Two fundamental issues surrounding research on Zipf's law regarding city sizes are whether and why this law holds. This paper does not deal with the latter issue with respect to why, and instead investigates whether Zipf's law holds in a global setting, thus involving all cities around the world. Unlike previous studies, which have mainly relied on conventional census data, and census bureauimposed definitions of cities, we adopt naturally and objectively delineated cities, or natural cities, to be more precise, in order to examine Zipf's law. We find that Zipf's law holds remarkably well for all natural cities at the global level, and remains almost valid at the continental level except for Africa at certain time instants. We further examine the law at the country level, and note that Zipf's law is violated from country to country or from time to time. This violation is mainly due to our limitations; we are limited to individual countries, or to a static view on citysize distributions. The central argument of this paper is that Zipf's law is universal, and we therefore must use the correct scope in order to observe it.We further find Zipf's law applied to city numbers: the number of cities in individual countries follows an inverse power relationship; the number of cities in the first largest country is twice as many as that in the second largest country, three times as many as that in the third largest country, and so on.
Though biological and artificial complex systems having inhibitory connections exhibit high degree of clustering in their interaction pattern, the evolutionary origin of clustering in such systems remains a challenging problem. Using genetic algorithm we demonstrate that inhibition is required in the evolution of clique structure from primary random architecture, in which the fitness function is assigned based on the largest eigenvalue. Further, the distribution of triangles over nodes of the system evolved from mixed connections show negative correlation with its degree providing insight into origin of this trend observed in realistic interaction patterns.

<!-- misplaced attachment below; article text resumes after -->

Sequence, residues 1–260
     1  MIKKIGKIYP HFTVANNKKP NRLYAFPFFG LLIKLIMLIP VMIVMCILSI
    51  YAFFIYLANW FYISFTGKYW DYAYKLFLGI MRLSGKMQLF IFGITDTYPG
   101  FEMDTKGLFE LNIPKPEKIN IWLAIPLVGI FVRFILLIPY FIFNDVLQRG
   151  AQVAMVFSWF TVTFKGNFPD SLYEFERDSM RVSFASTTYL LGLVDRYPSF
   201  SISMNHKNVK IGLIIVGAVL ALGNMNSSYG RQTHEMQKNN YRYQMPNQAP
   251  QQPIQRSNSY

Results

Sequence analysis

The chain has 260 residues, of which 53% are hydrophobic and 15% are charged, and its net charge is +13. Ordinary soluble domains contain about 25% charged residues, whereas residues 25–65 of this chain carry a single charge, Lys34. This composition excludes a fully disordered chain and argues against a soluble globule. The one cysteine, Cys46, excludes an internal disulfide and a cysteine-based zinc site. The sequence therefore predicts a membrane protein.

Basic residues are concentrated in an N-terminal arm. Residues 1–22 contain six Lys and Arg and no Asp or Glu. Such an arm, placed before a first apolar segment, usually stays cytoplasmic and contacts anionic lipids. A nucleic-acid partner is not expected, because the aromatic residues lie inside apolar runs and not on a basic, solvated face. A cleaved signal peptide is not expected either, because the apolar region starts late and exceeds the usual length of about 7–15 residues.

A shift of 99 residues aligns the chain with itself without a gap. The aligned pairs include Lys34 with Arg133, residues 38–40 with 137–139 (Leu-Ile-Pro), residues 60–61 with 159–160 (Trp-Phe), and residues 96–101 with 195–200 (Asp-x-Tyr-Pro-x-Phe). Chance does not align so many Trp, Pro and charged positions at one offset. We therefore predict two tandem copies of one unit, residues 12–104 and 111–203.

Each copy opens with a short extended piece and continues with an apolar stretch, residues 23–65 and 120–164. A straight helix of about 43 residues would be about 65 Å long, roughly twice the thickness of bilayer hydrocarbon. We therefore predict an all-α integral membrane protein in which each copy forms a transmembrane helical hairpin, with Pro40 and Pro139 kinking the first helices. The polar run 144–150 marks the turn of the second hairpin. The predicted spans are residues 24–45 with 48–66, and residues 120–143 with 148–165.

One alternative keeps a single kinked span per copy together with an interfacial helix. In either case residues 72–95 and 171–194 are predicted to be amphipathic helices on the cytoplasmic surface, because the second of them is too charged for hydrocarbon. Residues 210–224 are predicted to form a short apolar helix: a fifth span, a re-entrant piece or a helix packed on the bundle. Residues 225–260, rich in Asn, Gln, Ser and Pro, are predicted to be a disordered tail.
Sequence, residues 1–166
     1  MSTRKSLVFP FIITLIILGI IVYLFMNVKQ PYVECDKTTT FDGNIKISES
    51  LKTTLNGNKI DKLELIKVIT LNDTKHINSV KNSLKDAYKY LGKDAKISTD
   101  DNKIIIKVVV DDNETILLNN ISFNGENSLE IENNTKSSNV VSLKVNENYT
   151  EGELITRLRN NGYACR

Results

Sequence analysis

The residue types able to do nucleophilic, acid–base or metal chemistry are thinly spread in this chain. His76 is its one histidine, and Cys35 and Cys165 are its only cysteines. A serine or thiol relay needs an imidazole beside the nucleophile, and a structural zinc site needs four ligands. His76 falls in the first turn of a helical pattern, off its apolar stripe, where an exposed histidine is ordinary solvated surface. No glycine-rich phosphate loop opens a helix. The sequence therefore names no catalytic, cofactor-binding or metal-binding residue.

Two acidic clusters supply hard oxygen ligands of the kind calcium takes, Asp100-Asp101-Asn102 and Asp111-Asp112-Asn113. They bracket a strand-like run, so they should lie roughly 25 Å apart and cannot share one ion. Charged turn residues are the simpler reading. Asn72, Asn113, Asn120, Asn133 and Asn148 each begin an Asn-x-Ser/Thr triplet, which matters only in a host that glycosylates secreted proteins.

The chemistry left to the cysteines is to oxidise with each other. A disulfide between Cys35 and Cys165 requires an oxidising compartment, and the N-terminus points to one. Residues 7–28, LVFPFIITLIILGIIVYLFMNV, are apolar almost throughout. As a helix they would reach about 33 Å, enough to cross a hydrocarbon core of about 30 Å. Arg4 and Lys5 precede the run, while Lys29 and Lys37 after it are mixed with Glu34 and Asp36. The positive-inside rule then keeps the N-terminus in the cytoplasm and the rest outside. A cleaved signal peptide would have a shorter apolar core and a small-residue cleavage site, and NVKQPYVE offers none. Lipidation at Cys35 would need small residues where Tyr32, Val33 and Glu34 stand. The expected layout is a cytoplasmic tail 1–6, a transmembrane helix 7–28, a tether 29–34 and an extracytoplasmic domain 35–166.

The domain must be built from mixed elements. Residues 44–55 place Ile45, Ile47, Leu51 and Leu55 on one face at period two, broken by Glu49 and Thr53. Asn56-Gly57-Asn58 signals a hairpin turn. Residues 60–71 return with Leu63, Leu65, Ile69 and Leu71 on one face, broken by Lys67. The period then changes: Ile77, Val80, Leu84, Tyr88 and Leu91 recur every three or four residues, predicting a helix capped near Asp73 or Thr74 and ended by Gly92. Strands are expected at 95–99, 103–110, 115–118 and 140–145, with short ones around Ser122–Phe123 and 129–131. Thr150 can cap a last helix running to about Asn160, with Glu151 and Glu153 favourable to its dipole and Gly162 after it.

In this paper a new evolutionary algorithm, for continuous nonlinear optimization problems, is surveyed. This method is inspired by the life of a bird, called Cuckoo. The Cuckoo Optimization Algorithm (COA) is evaluated by using the Rastrigin function. The problem is a nonlinear continuous function which is used for evaluating optimization algorithms. The efficiency of the COA has been studied by obtaining optimal solution of various dimensions Rastrigin function in this paper. The mentioned function also was solved by FA and ABC algorithms. Comparing the results shows the COA has better performance than other algorithms. Application of algorithm to test function has proven its capability to deal with difficult optimization problems.
Many complex systems can be represented as networks composed by distinct layers, interacting and depending on each others. For example, in biology, a good description of the full proteinprotein interactome requires, for some organisms, up to seven distinct network layers, with thousands of proteinprotein interactions each. A fundamental open question is then how much information is really necessary to accurately represent the structure of a multilayer complex system, and if and when some of the layers can indeed be aggregated. Here we introduce a method, based on information theory, to reduce the number of layers in multilayer networks, while minimizing information loss. We validate our approach on a set of synthetic benchmarks, and prove its applicability to an extended data set of proteingenetic interactions, showing cases where a strong reduction is possible and cases where it is not. Using this method we can describe complex systems with an optimal tradeoff between accuracy and complexity.
World Conference on Complex Systems (WCCS) will provide a highlevel, international forum for scientists, researchers, industrial professionals,...
Realworld entities often interconnect with each other through explicit or implicit relationships to form a complex network.
The fourth ICCSA will focus on recent advances in complex systems and applications in all fields of science and engineering.